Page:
Observing Census Enumeration of Arabic Speaking Households in 2010 Census
*Kristine J Ajrouch, Eastern Michgian University
Keywords: Arab Americans, Arabic-speaking, Immigrants, Ethnicity, Race, Gender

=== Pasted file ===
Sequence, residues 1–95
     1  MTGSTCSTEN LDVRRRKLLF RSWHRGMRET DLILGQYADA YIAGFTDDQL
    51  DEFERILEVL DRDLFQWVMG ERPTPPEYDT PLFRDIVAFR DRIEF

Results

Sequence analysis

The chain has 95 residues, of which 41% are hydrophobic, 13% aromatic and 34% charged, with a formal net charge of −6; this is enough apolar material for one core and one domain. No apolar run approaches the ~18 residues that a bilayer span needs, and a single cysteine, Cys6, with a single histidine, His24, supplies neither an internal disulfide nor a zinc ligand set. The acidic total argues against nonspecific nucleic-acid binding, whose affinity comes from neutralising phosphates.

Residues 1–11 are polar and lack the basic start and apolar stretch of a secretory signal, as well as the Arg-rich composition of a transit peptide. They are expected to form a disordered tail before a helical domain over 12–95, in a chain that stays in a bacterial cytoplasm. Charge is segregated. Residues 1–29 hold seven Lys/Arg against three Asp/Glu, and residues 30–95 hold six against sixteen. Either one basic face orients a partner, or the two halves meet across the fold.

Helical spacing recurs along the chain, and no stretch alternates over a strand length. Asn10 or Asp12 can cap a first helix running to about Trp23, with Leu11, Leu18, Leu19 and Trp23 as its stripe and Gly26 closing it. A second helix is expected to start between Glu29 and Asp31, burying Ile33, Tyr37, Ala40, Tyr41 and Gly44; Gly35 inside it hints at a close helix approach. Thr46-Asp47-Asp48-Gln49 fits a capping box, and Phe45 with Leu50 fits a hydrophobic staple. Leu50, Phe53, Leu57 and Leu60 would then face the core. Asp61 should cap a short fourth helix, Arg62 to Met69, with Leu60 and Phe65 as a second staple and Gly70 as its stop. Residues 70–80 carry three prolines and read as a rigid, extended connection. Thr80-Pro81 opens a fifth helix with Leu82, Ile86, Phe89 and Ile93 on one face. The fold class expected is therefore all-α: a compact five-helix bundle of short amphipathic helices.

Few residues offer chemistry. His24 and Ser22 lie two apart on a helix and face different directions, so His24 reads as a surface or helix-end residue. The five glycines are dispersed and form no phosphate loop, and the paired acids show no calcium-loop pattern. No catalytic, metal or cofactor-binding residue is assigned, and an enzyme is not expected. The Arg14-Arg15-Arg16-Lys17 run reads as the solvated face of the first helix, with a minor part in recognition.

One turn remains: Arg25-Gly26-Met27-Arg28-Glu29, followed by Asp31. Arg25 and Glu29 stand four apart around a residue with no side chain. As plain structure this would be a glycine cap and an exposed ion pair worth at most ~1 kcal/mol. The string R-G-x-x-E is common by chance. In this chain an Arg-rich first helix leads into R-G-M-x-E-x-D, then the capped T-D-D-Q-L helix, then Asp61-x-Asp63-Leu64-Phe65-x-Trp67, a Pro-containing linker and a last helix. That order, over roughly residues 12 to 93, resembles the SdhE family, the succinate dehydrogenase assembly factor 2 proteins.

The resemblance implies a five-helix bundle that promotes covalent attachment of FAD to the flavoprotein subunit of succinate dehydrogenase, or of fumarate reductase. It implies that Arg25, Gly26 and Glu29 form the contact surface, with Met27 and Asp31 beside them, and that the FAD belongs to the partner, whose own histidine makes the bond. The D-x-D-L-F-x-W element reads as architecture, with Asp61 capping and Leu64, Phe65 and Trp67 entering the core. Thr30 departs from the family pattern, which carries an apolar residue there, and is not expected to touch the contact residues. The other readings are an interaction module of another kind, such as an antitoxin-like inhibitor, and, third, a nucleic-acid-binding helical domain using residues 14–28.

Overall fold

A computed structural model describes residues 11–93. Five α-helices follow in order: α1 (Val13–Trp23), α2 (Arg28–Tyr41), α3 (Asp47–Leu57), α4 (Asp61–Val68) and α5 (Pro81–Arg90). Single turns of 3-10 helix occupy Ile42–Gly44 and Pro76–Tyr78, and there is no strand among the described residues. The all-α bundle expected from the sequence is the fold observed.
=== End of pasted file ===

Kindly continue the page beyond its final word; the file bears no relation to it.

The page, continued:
Immigrant populations who do not speak English fluently remain a significant segment of hard-to-reach populations in the United States. As part of the 2010 Census Program for Evaluations and Experiments, an observational study of Non-Response Follow-Up (NRFU) interviews was carried out with linguistically isolated Arabic-speaking households. The overarching objective was to assess the extent to which the NRFU interview process obtained valid and satisfactory responses from respondents who were primarily or solely Arabic-speakers, and to assess social, cultural and linguistic factors that created barriers or otherwise mediated that goal. We accompanied enumerators for a total of 16 days, for a total of 162 observations. In observing social dynamics that affect census enumeration, our analysis focused on two broad areas: socio-cultural and linguistic factors. Analysis included multiple readings of debriefing reports and transcriptions in an attempt to identify factors influencing data collection. Results suggest the following themes as key to establishing as sense of trust rapport: gender, national origin and ethnicity Moreover, challenges associated with the conceptual equivalencies of both ethnicity and race emerged. These categories of understanding pose unique challenges for both the enumerator and the respondent. Legally classified as white, Arab Americans straddle a world of privilege on the one hand, and discrimination on the other (generally through media portrayals, and directly especially when identifiable as having Arab origin). This study provides important insights about data collection, including challenges to measuring shifting concepts such as race and ethnicity, among hard-to-reach populations in the United States.